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What To Do If Your Ex Is An Unfit Parent

By December 26, 2018Blog
What to do if ex is an unfit parent

If you are separating or getting divorced, most of the time, your child will spend some of his or her time with you and some with his or her other parent. In certain cases, however, one parent will be found unfit and full custody will go to the only fit parent. If you are in the situation where your ex is an unfit parent, there are some steps you need to take to keep your child safe while still following the law. Read on to find out what makes a parent unfit as well as what you can do if your ex is not able to properly care for your child.

 

Is Your Ex Actually an Unfit Parent?

First, it’s important to understand what makes a parent unfit. An unfit parent is one who cannot reasonably care for a child and keep him or her safe. This could be for a variety of reasons. Here are a few of them:

  • Abuse. Either child abuse or domestic violence (spousal abuse) can make a parent unfit. If the abusive parent has unchecked visitation or custody of the child, the child might be a victim of their abuse. This can be true even if the parent abused his or her spouse and not the child in the past.
  • Substance abuse. If one parent is struggling with substance abuse or addiction, this can make them unfit. They might try to care for the child while under the influence, not be able to provide a safe living space for the child, drive after using drugs or alcohol, use substances in front of the child, and so on. Going through a rehabilitation program can make it so they are fit to parent.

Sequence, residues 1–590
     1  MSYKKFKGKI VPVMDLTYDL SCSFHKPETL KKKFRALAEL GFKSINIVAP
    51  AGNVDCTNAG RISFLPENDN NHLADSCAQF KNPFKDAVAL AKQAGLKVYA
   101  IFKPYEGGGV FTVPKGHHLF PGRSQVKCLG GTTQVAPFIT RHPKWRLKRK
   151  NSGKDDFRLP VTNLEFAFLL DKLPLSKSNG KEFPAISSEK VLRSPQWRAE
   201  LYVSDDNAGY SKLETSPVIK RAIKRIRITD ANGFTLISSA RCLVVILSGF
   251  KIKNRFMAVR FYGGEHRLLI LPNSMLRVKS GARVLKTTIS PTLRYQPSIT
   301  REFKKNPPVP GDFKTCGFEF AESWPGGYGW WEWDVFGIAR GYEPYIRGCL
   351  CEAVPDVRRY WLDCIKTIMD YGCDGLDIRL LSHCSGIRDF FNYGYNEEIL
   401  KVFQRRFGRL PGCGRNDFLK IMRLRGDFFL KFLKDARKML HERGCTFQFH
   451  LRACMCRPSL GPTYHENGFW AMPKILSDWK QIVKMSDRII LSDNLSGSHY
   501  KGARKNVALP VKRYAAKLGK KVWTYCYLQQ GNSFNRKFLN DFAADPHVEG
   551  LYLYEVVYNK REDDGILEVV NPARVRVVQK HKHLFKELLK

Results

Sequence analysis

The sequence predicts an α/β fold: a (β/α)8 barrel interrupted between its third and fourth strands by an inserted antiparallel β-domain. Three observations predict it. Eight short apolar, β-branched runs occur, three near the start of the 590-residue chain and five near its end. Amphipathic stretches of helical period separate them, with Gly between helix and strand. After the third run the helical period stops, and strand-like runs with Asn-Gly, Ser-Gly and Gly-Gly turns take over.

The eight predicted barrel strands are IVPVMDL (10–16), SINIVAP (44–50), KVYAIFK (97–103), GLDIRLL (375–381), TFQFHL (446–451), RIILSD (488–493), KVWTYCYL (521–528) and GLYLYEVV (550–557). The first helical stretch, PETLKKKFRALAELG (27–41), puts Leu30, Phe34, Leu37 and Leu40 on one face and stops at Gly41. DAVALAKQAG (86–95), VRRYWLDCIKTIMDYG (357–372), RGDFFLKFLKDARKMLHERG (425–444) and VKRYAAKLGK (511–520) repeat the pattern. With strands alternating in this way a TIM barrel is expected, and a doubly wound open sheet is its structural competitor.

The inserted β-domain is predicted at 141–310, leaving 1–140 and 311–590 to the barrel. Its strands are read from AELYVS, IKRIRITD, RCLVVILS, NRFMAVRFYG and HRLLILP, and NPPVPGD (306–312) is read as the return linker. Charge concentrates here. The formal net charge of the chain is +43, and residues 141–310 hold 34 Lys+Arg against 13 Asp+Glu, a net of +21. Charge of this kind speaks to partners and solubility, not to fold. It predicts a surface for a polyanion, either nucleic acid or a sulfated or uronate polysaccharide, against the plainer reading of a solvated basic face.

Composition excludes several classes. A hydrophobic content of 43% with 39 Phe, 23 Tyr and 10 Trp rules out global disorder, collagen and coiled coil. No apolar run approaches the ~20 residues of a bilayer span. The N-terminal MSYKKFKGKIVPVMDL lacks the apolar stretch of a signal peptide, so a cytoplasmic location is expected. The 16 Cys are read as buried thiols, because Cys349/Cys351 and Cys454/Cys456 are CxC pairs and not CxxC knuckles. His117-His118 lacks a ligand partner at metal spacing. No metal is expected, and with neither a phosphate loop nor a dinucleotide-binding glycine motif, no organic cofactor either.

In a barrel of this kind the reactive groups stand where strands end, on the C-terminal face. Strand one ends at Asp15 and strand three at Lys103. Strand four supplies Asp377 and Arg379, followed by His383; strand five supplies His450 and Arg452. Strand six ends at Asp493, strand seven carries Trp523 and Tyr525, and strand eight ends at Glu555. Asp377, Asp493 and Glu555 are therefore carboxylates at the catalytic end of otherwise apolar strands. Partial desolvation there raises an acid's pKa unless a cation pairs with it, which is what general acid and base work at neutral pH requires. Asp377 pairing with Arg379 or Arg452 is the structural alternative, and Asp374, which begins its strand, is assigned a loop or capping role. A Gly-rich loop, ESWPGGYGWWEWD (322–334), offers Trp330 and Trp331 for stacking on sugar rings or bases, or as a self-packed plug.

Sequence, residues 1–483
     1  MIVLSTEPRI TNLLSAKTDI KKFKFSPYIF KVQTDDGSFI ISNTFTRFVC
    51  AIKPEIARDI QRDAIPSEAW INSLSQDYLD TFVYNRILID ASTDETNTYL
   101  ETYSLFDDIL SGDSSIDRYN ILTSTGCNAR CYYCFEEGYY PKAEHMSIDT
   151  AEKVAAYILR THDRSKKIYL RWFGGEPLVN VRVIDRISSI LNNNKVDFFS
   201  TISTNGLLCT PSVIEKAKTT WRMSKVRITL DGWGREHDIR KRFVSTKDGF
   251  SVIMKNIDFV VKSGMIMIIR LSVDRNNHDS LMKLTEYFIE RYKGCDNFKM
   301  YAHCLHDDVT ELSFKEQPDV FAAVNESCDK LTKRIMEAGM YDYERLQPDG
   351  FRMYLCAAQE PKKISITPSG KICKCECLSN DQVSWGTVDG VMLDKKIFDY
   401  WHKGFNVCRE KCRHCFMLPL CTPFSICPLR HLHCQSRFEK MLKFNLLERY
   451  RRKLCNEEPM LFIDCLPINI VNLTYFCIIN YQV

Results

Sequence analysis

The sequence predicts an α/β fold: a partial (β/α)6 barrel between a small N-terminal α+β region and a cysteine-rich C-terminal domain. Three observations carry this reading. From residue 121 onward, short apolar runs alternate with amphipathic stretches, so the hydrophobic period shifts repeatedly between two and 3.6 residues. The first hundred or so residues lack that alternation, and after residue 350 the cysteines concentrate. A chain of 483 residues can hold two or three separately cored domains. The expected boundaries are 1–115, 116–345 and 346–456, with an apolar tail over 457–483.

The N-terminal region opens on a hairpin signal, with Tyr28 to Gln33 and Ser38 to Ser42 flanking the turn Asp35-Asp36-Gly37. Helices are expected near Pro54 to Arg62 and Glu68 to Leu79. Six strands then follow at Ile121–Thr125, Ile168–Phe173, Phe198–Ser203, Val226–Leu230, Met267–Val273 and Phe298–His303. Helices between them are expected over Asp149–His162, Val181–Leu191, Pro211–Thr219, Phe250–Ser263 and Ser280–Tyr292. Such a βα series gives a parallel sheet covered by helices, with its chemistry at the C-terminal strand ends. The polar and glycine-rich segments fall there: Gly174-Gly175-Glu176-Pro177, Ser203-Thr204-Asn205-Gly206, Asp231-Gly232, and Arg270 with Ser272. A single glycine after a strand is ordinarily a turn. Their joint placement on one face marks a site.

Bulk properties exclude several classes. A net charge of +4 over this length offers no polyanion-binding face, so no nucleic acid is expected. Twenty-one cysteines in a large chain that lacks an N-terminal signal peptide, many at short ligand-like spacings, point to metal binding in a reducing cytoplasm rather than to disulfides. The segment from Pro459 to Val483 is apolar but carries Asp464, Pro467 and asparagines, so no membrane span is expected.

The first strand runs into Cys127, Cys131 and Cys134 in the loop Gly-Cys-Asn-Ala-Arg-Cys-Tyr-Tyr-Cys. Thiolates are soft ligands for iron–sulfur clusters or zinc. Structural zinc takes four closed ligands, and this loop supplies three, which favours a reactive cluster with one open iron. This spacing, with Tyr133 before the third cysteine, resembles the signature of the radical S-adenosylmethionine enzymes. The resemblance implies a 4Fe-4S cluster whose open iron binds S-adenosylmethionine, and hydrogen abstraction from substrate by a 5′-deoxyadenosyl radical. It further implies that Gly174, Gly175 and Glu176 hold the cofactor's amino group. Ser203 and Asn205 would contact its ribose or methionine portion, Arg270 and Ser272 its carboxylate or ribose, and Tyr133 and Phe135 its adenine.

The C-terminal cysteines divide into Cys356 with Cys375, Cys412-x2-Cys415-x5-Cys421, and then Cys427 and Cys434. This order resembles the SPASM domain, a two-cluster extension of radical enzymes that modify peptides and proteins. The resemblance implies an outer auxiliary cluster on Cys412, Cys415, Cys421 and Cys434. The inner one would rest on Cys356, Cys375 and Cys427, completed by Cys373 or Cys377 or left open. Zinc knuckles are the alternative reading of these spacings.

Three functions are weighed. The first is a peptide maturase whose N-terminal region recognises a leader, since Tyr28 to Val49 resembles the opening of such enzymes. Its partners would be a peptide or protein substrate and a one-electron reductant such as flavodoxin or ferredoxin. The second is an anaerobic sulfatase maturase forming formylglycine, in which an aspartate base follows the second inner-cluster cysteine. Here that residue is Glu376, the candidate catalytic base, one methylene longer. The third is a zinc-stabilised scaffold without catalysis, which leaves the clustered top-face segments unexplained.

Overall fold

• Untreated mental illness. While many parents with mental health conditions are able to care for their children successfully, those who have severe mental illnesses that are not properly treated often cannot do so. They might not be able to take care of their own needs, much less a child’s.
  • Extreme poverty. If a parent is not able to afford a safe place to live, enough food, electricity, and a way to get medical care for a child, they might be found unfit. Note that this can and should change once the parent is able to meet their child’s needs during visitation or custody stays.
  • Mental disabilities. If one parent is mentally disabled, they might not be able to care for their child without assistance. In order to make it possible for them to spend time with their child, they would need to have another responsible adult with them.
  • Inability or unwillingness to see the child. If a parent is incarcerated or has abandoned the child, they are often found unfit for custody.

 

Parenting Differences That Do Not Mean Either of You Is Unfit

Now that you know some of the reasons why a parent might be found unfit, it is important to consider some parenting differences that do not make a parent unfit. There will undoubtedly be things that your ex does that you do not agree with and vice versa. Children can usually adapt to different rules at different houses, so this does not have to be an issue.